Lake Champlain Maritime Museum Logo; Click to return to our Home Page.

Abenaki Heritage Weekend

June 24-25, 2017

Featured Exhibit Alnobak: Wearing Our Heritage
On view at LCMM June 24 through August 12, 2017

Native Arts Marketplace
Native Arts Marketplace.


This special weekend organized by Vermont Abenaki Artists Association and presented at Lake Champlain Maritime Museum gives visitors an Abenaki perspective on life in the Champlain Valley. Dancing, drumming, storytelling, craft and cooking demonstrations are presented by members of Vermont’s Abenaki Tribes. The Native Arts Marketplace and exhibit opening celebration provide opportunities to meet some of the artists featured in the special exhibition Alnobak: Wearing Our Heritage and other regional artists.


Abenaki Cultural Encampment
Roger Longte Sheehan
Norm M’Sadoques

Cooking Demonstration
Doug Bent and Shirly Hook

Traditional Gardening (on the Green)
Shirly Hook

Make and Take Children’s Activities
Make a Gourd Rattle – Shirly Hook
Wampum Bracelet

Traditional Music and Story Telling
Don Stevens
Nulhegan Abenaki Drum

Native American Arts Market (Boatshed and by fence)
Francine Poitras Jones – Paintings and Beadwork
Mike Descoteax – Photography and beadwork
Amy Hook Therrien – Paintings and Jewelry
Shirly Hook – Rattles and Jewelry
Roger and Linda Longtoe Sheehan – Soapstone pipes and wampum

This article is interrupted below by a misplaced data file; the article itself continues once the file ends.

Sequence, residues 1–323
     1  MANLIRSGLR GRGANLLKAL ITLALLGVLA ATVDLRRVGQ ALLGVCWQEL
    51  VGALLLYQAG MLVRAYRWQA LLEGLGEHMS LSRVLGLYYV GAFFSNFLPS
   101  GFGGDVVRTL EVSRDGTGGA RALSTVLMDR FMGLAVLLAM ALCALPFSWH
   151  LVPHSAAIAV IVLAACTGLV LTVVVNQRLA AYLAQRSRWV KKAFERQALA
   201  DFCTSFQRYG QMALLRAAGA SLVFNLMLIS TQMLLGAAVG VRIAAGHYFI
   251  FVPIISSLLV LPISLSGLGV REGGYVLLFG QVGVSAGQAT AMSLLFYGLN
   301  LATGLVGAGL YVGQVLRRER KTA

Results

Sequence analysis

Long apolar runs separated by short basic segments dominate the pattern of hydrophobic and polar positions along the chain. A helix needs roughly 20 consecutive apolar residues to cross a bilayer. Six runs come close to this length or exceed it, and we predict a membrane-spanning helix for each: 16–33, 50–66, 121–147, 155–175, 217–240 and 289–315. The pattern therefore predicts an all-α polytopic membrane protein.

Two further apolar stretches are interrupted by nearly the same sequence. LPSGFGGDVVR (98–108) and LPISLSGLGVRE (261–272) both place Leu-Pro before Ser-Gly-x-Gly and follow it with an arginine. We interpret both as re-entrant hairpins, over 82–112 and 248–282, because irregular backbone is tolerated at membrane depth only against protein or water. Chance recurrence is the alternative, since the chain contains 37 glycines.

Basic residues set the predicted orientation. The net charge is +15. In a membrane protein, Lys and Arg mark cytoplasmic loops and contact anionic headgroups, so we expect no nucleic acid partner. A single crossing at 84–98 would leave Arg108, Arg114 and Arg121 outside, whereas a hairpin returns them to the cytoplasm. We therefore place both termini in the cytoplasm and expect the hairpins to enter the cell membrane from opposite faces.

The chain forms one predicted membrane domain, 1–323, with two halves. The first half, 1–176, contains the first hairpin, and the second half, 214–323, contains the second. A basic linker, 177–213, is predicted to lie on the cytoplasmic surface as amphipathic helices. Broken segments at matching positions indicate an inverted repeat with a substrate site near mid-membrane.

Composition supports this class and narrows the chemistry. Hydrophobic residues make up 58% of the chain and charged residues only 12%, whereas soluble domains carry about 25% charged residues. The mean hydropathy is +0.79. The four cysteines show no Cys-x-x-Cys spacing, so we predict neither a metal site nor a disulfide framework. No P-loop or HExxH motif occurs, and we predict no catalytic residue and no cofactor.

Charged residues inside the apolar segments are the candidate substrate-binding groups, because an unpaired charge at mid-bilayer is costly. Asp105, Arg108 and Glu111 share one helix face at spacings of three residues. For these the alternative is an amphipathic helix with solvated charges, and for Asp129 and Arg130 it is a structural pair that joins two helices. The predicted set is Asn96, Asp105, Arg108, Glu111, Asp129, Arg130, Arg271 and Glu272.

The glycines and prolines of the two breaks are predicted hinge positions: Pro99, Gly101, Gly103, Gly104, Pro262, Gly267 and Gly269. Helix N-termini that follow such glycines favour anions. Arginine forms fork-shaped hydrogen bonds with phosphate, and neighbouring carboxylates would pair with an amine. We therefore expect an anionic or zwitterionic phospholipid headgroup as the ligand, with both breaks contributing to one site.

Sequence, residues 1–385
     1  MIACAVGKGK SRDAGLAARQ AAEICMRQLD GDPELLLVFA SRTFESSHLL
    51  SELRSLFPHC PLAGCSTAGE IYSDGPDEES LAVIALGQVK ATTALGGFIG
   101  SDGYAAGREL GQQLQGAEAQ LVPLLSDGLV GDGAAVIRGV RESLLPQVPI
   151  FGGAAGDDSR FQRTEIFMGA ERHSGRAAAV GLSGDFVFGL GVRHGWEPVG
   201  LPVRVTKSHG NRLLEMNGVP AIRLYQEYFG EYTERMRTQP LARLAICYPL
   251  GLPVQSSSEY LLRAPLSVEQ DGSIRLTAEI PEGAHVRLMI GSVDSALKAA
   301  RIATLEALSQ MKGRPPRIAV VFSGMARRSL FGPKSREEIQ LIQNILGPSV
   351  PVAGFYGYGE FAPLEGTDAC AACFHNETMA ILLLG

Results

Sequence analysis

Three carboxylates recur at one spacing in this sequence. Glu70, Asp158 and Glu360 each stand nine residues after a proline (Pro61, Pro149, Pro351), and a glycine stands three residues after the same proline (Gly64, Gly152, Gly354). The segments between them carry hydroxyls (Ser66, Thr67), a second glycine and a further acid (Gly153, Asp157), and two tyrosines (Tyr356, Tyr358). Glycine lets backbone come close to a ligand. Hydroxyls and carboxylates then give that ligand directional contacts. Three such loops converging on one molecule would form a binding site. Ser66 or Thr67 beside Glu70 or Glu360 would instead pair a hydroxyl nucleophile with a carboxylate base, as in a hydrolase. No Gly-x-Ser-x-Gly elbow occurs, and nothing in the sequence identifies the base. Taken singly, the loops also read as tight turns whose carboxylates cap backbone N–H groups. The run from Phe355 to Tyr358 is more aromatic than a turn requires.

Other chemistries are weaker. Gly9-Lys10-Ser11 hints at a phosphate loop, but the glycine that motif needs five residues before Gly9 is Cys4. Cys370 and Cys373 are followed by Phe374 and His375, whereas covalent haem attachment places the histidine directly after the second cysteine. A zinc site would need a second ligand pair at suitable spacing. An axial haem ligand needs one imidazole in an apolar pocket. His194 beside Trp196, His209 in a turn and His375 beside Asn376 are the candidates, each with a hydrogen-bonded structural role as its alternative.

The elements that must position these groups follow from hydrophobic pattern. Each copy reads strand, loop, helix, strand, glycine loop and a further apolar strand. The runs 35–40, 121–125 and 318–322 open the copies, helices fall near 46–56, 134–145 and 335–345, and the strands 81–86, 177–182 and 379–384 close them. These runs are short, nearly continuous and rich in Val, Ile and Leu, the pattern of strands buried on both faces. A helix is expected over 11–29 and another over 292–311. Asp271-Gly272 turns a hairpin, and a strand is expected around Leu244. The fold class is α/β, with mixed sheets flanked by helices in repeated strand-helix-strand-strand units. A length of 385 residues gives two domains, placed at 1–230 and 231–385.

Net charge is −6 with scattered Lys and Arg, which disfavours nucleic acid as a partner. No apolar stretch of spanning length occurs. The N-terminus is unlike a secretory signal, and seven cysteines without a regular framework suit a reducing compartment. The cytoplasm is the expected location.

Diane Stevens Photography
Jean Burbo – Pan Indian Jewelry
Vera Longtoe Sheehan – twined baskets and bags

Special Presentations in the Auditorium:

Decolonizing Native American Art.
Vera Longtoe Sheehan
, Director, Vermont Abenaki Artists Association
Across academia, museums and Native American communities, who has the authority to determine what is art versus what is craft, and how to interpret it? Vera Longtoe Sheehan, explains inequities of law and other social justice issues that affect Native American artists. How have opportunities for Abenakis changed now that four Abenaki tribes have obtained Vermont State Recognition?

The light behind our eyes - a perspective on Abenaki identity.
Melody Walker-Brook, Adjunct Professor, Champlain College, and Vermont Commission on Native American Affairs.
Identity is the heart of the human experience. Every person carries a different vantage point by which to experience the world and that experience is a testament to the diversity of the human condition. There are many paths to seeing the beauty in all things and changing our lens can bring new perspective. Indigenous people occupy a unique space and express themselves through the values they hold, the clothing they wear, the skills they possess, and the way they interact with all of the persons that exist, from the plant and animal people to all of the other types of persons. When the landscape itself it animate, the human experience changes. Come and listen to what it means to be an indigenous person

Walking With Our Sisters
Film, Lina Longtoe, Indigenous People’s Alliance